Wednesday, August 14, 2013

Interview & Giveaway: Ellen Booraem on Death, Jelly Beans, and TEXTING THE UNDERWORLD

I have been a great fan of Ellen Booraem's since I read Small Persons with Wings, her novel about some marvelously touchy and irritable fairies. So I jumped at the chance to read an ARC of her latest, Texting the Underworld (Penguin/Dial Books for Young Readers), in stores this month. I loved it, and you will too. Read more about it below in the giveaway section, and then enter to win your own copy.

In this interview, Ellen talks about how to make death funny and the secret to a non-corny Irish voice (which I am stealing). Also, for the record, she describes my own feelings about drafting vs revising to a precise T.  -Katherine Catmull

1. You have the BEST titles. I 100% read Small Persons With Wings because I correctly assumed that with a title like that, it had to be smart and funny and delightful (ed. note: If you have not read SPWW, read it—it was on pretty much every Best of 2011 list). Did the title Texting the Underworld just come to you, or was it A Process?
Ellen Booraem

It was definitely A Process. I can take credit for naming Small Persons with Wings, but absolutely not Texting the Underworld. The search for this title was terrifying at times—my editor Kathy Dawson and I emailed lists back and forth with various combinations of key words ranging from Death to Jelly Beans, and it seemed like we’d never come up with anything. (At one point, I did want to call it Death & Jelly Beans. ) We agreed only that we needed to combine the mundane with the otherworldly.  My memory has blurred, but I’m pretty sure it was Kathy who came up with Texting the Underworld.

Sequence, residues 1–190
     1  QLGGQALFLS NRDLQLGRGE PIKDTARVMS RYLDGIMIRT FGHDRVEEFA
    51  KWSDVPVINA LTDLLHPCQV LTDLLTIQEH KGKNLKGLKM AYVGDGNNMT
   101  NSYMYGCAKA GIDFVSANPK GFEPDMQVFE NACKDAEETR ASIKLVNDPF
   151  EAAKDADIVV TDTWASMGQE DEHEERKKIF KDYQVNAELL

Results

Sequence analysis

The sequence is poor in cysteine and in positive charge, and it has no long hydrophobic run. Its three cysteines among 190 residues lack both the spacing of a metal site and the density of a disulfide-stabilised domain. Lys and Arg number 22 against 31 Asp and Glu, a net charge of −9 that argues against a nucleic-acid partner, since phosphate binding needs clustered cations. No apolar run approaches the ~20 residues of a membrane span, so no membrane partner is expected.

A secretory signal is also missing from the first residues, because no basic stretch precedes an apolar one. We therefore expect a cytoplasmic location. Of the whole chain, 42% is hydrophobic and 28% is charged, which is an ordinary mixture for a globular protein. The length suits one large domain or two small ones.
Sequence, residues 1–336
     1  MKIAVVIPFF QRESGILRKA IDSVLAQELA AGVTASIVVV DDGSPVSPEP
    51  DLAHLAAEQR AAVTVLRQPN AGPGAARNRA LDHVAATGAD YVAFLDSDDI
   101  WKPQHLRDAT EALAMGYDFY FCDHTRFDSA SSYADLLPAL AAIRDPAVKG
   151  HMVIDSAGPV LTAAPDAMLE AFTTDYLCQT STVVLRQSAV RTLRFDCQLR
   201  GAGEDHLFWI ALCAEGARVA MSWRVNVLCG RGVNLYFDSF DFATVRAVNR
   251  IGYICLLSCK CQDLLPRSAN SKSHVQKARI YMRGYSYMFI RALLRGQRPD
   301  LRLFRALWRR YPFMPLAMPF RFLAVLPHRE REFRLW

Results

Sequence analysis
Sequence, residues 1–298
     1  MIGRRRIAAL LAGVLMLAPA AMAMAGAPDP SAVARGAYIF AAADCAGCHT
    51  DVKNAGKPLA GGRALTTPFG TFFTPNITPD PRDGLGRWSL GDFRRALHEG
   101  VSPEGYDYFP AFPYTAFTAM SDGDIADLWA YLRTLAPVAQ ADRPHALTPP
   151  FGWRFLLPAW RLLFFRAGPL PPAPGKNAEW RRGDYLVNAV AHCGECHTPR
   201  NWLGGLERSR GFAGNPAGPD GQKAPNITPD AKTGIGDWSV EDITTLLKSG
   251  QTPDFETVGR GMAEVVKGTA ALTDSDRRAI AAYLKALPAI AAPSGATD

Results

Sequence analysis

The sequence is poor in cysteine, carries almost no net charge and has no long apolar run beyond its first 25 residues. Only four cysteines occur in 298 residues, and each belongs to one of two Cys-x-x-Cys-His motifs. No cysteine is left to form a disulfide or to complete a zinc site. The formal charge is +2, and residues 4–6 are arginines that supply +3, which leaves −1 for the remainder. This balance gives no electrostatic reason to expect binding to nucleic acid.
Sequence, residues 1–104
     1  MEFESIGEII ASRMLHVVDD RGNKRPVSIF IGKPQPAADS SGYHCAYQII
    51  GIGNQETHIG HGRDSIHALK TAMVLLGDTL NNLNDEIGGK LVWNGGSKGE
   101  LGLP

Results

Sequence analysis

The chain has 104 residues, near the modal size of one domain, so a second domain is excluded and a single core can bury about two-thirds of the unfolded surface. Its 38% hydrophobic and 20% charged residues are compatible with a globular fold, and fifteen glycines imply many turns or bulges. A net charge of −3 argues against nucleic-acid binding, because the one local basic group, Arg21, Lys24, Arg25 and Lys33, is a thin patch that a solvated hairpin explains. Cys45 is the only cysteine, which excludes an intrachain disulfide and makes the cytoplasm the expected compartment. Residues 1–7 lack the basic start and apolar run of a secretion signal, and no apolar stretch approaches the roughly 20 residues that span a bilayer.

2. I love how you treat such serious subjects — like 12-year-old Conor’s anxiety issues, and, you know, DEATH—in such a light, funny, but never unserious way. How do you balance the tone so beautifully?

Chiefly it’s a matter of setting up characters and contrasts that are likely to be funny—the banshee learning about the world through outdated Trivial Pursuit cards, for example—and getting them clear in my head before I start writing. Since the story’s about something inherently scary, like death and the unknown, I made my protagonist, poor Conor, the kind of person who’s least likely to tolerate such things. (He’s a naturally fearful kid who’s obsessed with mapping his known world.) Once you have elements that naturally lend themselves to humor, you’re free to write a serious book and let the comedy take care of itself.